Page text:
A New Horned Dinosaur Species Has Been Discovered in Northwest New Mexico

Daniella Cressman
“We’re the first people to see this species of animal from more than 70 million years ago... Bisticeratops represents a unique kind of dinosaur. Now it’s time for more research and getting the public educated about the discovery.” —Spencer Lucas
"A new species of a horned dinosaur has been discovered in 74 million-year-old rocks in the Bisti/De-Na-Zin Wilderness Area in northwest New Mexico. A team of paleontologists, which includes Spencer Lucas and Sebastian Dalman from the New Mexico Museum of Natural History and Science, published the findings." —Adrian Gomez (Journal Arts & Entertainment Editor)

According to Lucas, the skull was actually discovered back in the 1970s, but it remained largely unprepared for decades!

"According to Lucas, the fossil itself was actually discovered by a University of Arizona field team in the 1970s. However, the skull remained largely unprepared (cleaned and restored) for decades, and that work has been ongoing. That preparation, plus new ideas about ceratopsian diversity, propelled recognition of it as a new species, which is what prompted the publication of the article." —Adrian Gomez (Journal Arts & Entertainment Editor)

This dinosaur has been named Bisticeratops froeseorum.

"The team named the dinosaur Bisticeratops froeseorum (pronounced 'Biss-tie-SAYR-uh-tops frose-e-or-um'), after the Bisti/De-Na-Zin Wilderness Area where the fossil was collected, and for the Froese family of the musical group Tangerine Dream, one of [Sebastian] Dalman’s favorite bands." —Adrian Gomez (Journal Arts & Entertainment Editor)

The Bisticeratops was from the same group as the famous Triceratops.

"Bisticeratops was a horned dinosaur, or ceratopsian, from the same group as the famous Triceratops, with an estimated body length of about 18 feet. This plant-eating dinosaur lived in the jungles and swamps near the seacoast that submerged what is now northwestern New Mexico 74 million years ago." —Adrian Gomez (Journal Arts & Entertainment Editor)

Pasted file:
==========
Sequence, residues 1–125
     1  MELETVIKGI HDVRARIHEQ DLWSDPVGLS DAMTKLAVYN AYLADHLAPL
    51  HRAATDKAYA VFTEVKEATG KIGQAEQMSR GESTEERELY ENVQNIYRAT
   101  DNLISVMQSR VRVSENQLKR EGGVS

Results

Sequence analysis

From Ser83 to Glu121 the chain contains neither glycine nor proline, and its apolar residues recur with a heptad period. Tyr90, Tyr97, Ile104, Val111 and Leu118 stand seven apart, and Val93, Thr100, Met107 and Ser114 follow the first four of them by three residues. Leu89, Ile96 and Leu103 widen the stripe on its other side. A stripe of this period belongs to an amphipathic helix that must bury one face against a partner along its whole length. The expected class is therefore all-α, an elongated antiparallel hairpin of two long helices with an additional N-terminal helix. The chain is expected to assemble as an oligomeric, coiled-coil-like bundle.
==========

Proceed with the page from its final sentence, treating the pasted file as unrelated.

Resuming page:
The fossil consists of most of the skull of the Bisticeratops which has bite marks from a large predator, although scientists are uncertain whether these are from active predation while it was alive or scavenging after it had died.

"The fossil itself includes most of the skull of the dinosaur. The skull of Bisticeratops shows bite marks from a large predatory dinosaur, probably a tyrannosaur, although it is uncertain whether this was from active predation while Bisticeratops was alive, or due to scavenging after it had died." —Adrian Gomez (Journal Arts & Entertainment Editor)

Lucas says these bite marks are unusual, indicating that a carnivorous dinosaur got to the Bisticeratops at some point in time.

“We can tell that the bite marks aren’t healed...The bites came from either the dinosaur getting killed or maybe after it dies, it was scavenged. Usually you don’t see a number of bite marks like this. When you think about it, the bite marks are telling you a story as a meat-eating dinosaur got to it.” —Spencer Lucas

New Mexico was once home to a myriad of dinosaur species.

"The work on the dinosaur is being done in New Mexico. Meanwhile, Bisticeratops joins other recently described horned dinosaurs from New Mexico – Navajoceratops, Terminocavus and Sierraceratops – in identifying what looks like a unique fauna of horned dinosaurs that lived in New Mexico 73 million to 75 million years ago." —Adrian Gomez (Journal Arts & Entertainment Editor)

Lucas indicated that horned dinosaurs actually originated in Asia.

“Horned dinosaurs originated in Asia and came over to this area...They started to diversify and there were many species. The discoveries of these species show the different complexities with each species.” —Spencer Lucas

Comments / 3

Published by

Canadian-American author writing about local politics, personal finance, & dining in Albuquerque.

Albuquerque, NM

More from Daniella Cressman

Comments / 0